- Meeting abstract
- Open Access
Post-cooling fever in post-cardiac arrest patients: post-cooling normothermia as part of target temperature management?
- Cathy De Deyne1
© De Deyne; licensee BioMed Central Ltd. 2015
- Published: 24 June 2015
- Cardiac Arrest
- Neurological Outcome
- Therapeutic Hypothermia
- Temperature Management
- Financial Disclosure
Experimental studies support that fever after ischaemic brain injury may not only be a surrogate marker for severe cerebral ischaemia but may also deteriorate pre-existent cerebral ischaemic damage and should therefore be treated [1, 2]. Neurological damage after cardiac arrest (CA) still determines the final outcome and post-CA critical care focuses on maximal neuroprotection, the application of therapeutic hypothermia (TH). Since the use of TH, many reports have been published on the occurrence of fever post TH or so-called post-cooling fever (PCF). However, the incidence of post-CA fever without TH is similar, ranging from 20 to 78%, suggesting that episodes of temperature >38°C are likely to occur in all patients after CA irrespective of whether TH was administered.
Bro-Jeppesen and colleagues reported a higher 30-day mortality in patients with PCF (temperature >38.5°C) compared with patients without (36% vs. 22%) . Likewise, 1-year unfavourable neurological outcome (43% vs. 27%) was higher in patients with PCF compared with patients without. Maximum temperature and PCF duration were independent predictors of mortality. Their PCF incidence (50.4%, 136/270) was high, probably explained by a longer observation period (36 hours). Leary and colleagues reported a PCF incidence of 41% (69/176) within 24 hours after rewarming , while Gebhardt and colleagues reported a 42% incidence (141/336) within 48 hours after CA  (both defined PCF as temperature >38°C).
Most importantly, recent data suggest that the effect on mortality becomes significant only with PCF >39°C and a minimum duration of 7 hours. Similarly, Leary and colleagues did not find any effect of PCF on survival and neurological outcome, but a maximum temperature >38.7°C was associated with worse outcome. A prospective analysis of our own post-CA data confirmed this increased mortality in the presence of PCF only above 39°C. In our population of 76 out-of-hospital post-CA patients, PCF between 38 and 39°C did not influence outcome.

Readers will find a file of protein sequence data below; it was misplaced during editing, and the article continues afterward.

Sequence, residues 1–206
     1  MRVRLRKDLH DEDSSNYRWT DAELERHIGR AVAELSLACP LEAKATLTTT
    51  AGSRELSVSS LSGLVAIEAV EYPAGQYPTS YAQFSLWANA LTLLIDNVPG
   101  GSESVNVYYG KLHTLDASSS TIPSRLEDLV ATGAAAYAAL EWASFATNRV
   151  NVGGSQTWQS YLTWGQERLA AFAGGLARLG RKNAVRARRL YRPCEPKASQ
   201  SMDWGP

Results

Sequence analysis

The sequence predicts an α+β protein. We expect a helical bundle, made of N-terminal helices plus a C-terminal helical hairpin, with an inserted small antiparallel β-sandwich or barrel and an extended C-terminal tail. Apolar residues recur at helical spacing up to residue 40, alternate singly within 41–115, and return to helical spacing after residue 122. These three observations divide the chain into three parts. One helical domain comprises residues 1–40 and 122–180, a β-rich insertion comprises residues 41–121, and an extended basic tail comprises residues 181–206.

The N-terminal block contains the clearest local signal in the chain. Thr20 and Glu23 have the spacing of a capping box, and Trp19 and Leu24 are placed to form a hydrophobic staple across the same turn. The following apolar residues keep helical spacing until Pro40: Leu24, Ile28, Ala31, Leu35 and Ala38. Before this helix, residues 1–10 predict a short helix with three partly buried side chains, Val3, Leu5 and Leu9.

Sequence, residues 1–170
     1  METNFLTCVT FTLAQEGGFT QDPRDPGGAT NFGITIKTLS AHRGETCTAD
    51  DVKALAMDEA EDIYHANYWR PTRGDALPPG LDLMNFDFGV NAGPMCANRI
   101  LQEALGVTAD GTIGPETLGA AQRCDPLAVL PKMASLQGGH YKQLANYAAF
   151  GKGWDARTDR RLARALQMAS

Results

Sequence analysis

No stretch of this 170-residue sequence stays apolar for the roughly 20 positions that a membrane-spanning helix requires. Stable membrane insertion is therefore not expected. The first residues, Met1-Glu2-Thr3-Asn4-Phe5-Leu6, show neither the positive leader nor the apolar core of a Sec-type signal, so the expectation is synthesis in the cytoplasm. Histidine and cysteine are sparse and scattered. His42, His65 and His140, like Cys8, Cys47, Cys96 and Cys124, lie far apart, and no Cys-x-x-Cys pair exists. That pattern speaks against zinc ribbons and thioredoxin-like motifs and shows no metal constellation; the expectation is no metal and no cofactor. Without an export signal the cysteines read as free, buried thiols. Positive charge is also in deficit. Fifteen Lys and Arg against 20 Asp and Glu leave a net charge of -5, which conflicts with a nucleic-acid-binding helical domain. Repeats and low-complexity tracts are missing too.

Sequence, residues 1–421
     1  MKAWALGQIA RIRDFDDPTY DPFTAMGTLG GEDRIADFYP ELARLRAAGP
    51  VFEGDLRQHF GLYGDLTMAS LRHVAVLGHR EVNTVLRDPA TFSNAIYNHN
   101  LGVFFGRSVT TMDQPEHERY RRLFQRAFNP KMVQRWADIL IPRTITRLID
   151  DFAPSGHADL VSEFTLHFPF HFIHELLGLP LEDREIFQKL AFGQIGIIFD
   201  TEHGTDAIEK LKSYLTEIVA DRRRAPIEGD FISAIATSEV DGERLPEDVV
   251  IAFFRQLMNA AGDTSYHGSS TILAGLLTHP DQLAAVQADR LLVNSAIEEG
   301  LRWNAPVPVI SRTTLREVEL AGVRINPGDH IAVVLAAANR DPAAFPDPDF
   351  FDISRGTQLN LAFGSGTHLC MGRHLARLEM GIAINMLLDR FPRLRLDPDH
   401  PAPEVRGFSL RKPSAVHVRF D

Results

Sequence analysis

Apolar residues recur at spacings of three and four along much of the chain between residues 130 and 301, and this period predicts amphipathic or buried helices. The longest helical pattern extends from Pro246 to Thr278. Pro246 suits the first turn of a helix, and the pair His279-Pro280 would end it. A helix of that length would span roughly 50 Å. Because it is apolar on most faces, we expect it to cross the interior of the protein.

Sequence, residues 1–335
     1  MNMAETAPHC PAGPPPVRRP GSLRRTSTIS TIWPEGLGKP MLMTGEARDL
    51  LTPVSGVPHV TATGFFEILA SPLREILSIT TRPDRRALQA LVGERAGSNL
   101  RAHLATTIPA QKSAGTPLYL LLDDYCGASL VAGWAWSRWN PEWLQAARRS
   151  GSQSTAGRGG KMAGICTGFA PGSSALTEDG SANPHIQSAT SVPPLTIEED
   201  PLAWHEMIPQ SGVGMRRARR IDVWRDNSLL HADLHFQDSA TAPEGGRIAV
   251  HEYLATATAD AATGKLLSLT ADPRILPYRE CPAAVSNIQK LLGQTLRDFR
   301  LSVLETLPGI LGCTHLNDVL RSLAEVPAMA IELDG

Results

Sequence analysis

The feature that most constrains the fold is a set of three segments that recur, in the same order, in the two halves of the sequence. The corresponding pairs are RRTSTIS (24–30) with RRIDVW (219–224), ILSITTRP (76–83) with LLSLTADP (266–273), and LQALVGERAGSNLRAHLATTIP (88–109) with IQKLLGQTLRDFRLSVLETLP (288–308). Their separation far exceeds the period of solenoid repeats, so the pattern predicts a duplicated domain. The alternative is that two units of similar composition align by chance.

The question remains whether we should actively treat (or even prevent) PCF. Many currently applied TH protocols do include a post-cooling period (until 36 hours after rewarming) of induced normothermia (37°C by endovascular or surface cooling) . But is this prolonged normothermia practice improving the (neurological) outcome of our patient? There are arguments in favour of a correlation between high PCF (above 39°C) and post-CA outcome. However, whether this high fever is only an epiphenomenon of the severity of cerebral ischaemic injury and whether outcome can be improved by application of strict normothermia in the early post-cooling hours is still undetermined.
CDD has received speaker’s reimbursements from C. R. BARD.
This abstract and supplement was proposed, developed and commissioned by BMC Emergency Medicine and was funded by an educational grant from C. R. BARD, NJ, USA. The published abstract was independently prepared by the author. C. R. BARD had no input into the content.
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